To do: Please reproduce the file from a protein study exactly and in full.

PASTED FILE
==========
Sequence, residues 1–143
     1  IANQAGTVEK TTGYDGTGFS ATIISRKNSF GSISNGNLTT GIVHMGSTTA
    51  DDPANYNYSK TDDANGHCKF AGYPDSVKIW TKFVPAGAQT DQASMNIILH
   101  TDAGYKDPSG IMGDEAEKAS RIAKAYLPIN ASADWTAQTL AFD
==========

Sequence, residues 1–143
     1  IANQAGTVEK TTGYDGTGFS ATIISRKNSF GSISNGNLTT GIVHMGSTTA
    51  DDPANYNYSK TDDANGHCKF AGYPDSVKIW TKFVPAGAQT DQASMNIILH
   101  TDAGYKDPSG IMGDEAEKAS RIAKAYLPIN ASADWTAQTL AFD